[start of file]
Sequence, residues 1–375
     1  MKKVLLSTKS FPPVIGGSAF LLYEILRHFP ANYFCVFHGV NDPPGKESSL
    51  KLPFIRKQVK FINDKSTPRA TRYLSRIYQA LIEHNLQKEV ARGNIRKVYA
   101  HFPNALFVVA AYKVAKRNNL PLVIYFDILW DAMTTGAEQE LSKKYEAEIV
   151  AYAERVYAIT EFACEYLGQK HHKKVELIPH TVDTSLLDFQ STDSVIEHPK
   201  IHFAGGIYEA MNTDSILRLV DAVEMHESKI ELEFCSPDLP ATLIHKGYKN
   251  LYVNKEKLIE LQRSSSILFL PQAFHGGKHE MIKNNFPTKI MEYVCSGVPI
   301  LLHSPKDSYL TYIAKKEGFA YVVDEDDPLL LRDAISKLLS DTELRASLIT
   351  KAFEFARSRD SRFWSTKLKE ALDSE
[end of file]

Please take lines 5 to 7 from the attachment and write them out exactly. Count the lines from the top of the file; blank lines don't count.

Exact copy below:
   151  AYAERVYAIT EFACEYLGQK HHKKVELIPH TVDTSLLDFQ STDSVIEHPK
   201  IHFAGGIYEA MNTDSILRLV DAVEMHESKI ELEFCSPDLP ATLIHKGYKN
   251  LYVNKEKLIE LQRSSSILFL PQAFHGGKHE MIKNNFPTKI MEYVCSGVPI